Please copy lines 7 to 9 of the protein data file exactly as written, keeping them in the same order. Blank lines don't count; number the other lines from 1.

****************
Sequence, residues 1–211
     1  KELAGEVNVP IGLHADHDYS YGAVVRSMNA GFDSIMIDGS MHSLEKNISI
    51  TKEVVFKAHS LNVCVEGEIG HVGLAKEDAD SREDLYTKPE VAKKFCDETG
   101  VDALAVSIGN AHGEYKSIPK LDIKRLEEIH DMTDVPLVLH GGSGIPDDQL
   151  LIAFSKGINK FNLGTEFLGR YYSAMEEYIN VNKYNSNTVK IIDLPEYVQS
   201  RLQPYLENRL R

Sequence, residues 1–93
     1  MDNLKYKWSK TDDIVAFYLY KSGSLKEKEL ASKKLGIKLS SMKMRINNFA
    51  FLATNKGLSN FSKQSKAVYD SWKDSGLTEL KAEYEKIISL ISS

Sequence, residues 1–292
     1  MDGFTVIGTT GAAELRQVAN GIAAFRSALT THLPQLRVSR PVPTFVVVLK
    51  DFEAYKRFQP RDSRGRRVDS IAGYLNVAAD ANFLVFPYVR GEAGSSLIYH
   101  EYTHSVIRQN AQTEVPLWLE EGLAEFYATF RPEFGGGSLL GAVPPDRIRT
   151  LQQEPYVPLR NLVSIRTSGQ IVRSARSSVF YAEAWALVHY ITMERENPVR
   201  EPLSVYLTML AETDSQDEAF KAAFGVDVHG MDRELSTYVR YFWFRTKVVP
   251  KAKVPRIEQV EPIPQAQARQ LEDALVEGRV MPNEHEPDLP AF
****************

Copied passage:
Sequence, residues 1–93
     1  MDNLKYKWSK TDDIVAFYLY KSGSLKEKEL ASKKLGIKLS SMKMRINNFA
    51  FLATNKGLSN FSKQSKAVYD SWKDSGLTEL KAEYEKIISL ISS